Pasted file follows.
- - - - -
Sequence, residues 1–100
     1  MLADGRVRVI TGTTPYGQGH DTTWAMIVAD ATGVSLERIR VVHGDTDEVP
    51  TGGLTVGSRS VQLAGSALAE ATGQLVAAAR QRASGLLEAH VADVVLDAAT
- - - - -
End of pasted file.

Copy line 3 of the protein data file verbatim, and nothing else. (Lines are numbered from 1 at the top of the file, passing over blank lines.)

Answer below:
    51  TGGLTVGSRS VQLAGSALAE ATGQLVAAAR QRASGLLEAH VADVVLDAAT